- Get personal. Any media profile of a CEO, for example, is going to get into what makes that person tick. So play reporter and ask a lot of questions, perhaps even enough for the CEO to wonder why you’re asking so damn many.
- Get the story. What matters most to your CEO? Besides, how exactly did he or she transform your organization last year? Only then will your key messages rise above and beyond corporate boilerplate.
- Be provocative, or dramatic, or newsworthy, or at least a little interesting. Please. Maybe your CEO has a surprising point of view to share, or a secret strategy or insight that no one has ever expressed before. It could happen. And once in a while it does.
(Photo Credit: Paris on Ponce & Le Maison Rouge)
ABC News legal analyst Dan Abrams recently stated it well: “The media has a bias toward conflict, right? I mean in general, when there is a conflict, the media likes it.”
Media today is motivated to frame stories as the presentation of opposing views and opinions to stimulate conversations and engagements amongst audiences. Although facts get reported, they are a lesser priority to content that produces and provokes passionate responses and discussion.
In a thoughtful and concise recent article in The Atlantic, Ta-Nehisi Coates, explains that under Florida law George Zimmerman could not have been convicted for killing Trayvon Martin.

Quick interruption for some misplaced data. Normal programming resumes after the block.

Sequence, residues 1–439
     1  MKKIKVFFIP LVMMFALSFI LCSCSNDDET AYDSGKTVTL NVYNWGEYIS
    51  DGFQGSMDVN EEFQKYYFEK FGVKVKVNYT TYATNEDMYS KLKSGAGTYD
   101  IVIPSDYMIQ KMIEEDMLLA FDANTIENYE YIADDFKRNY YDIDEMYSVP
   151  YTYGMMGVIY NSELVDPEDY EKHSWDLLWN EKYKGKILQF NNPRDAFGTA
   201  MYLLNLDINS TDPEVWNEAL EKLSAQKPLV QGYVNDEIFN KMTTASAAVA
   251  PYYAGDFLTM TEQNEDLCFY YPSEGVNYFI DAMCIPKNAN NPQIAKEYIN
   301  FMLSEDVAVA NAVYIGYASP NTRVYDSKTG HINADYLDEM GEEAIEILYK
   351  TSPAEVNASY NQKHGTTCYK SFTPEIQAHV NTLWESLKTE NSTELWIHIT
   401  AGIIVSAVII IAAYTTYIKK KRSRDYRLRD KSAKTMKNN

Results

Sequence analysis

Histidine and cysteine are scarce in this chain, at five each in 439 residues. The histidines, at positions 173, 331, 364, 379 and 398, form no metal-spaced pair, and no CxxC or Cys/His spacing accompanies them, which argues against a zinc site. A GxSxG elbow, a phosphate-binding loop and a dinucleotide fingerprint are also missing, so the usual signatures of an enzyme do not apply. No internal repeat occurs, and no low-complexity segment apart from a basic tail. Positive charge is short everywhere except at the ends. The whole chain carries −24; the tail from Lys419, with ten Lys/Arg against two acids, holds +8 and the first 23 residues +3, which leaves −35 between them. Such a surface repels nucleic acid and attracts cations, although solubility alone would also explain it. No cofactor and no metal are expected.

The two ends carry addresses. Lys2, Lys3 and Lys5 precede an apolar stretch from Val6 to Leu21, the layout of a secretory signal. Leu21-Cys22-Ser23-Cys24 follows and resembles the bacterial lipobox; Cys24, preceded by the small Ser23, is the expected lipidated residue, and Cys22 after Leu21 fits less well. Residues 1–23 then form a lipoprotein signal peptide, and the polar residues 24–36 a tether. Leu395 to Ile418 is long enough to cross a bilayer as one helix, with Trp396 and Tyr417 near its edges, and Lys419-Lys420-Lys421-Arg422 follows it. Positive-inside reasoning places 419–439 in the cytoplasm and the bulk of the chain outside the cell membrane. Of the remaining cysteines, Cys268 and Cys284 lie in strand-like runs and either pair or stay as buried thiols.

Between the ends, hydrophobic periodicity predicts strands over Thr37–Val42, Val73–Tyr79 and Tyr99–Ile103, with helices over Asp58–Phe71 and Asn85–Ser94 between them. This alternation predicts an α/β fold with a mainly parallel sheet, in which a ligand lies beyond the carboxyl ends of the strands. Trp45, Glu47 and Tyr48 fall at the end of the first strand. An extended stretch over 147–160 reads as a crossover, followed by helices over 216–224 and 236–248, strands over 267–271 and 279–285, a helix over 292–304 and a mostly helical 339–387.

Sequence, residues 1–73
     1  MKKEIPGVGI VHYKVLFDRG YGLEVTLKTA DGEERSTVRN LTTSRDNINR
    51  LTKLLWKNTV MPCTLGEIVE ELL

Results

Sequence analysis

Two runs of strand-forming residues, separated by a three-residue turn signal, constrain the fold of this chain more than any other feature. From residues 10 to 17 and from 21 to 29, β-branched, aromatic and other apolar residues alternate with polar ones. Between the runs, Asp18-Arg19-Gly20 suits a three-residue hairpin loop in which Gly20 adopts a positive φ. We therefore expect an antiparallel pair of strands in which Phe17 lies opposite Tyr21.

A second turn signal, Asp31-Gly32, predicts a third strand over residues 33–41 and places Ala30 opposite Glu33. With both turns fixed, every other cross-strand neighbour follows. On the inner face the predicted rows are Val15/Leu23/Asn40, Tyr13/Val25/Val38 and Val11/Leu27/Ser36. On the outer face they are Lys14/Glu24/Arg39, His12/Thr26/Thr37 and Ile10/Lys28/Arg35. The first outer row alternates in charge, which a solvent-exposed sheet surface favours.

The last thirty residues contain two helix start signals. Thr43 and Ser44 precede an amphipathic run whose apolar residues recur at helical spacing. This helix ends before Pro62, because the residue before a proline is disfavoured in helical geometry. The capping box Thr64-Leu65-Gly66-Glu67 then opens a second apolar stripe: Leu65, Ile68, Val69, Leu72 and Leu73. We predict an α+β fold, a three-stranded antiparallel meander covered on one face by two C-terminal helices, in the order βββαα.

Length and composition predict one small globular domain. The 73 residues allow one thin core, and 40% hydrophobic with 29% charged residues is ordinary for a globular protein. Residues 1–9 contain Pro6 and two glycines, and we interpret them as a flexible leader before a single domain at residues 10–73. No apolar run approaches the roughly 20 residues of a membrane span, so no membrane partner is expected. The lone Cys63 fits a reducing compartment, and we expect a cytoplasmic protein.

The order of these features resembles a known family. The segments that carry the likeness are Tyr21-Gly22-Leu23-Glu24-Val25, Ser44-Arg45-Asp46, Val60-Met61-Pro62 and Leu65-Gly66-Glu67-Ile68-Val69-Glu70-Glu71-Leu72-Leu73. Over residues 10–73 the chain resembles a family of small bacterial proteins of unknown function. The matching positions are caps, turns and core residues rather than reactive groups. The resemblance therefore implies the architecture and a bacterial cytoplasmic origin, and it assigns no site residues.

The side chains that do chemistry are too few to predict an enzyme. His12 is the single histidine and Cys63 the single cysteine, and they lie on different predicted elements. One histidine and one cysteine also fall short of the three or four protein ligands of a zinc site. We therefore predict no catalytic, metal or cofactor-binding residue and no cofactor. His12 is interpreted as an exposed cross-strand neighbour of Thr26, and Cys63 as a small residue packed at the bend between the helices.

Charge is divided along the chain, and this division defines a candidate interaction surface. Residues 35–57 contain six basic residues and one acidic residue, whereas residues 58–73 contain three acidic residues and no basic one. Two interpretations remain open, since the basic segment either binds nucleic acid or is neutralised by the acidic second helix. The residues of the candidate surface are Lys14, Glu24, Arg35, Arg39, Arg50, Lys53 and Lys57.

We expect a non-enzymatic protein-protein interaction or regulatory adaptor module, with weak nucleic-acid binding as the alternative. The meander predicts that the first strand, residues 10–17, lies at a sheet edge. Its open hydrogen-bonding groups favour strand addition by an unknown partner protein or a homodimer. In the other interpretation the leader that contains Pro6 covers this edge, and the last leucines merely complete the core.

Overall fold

The article was remarkable in how clear the facts of Florida statute are and how absent these facts were from the majority of media coverage of the case and the trial. It was a sobering reminder for anyone involved in a high profile issue that receives significant media coverage: Emotion and debate are what drive media coverage, not the presentation of fact.
Corporations should take a lesson: no matter how compelling the evidence, plain facts alone will not help to tell the story in the media or online and rarely move the needle of public opinion.
To make an impact, messaging must resonate emotionally. Effective engagement happens when allies and supporters are motivated and compelled to act — to share personal stories, to fight for a cause or to become a brand advocate.
The key lies in presenting the facts of your case while engaging the emotions of your supporters, advocates and audiences.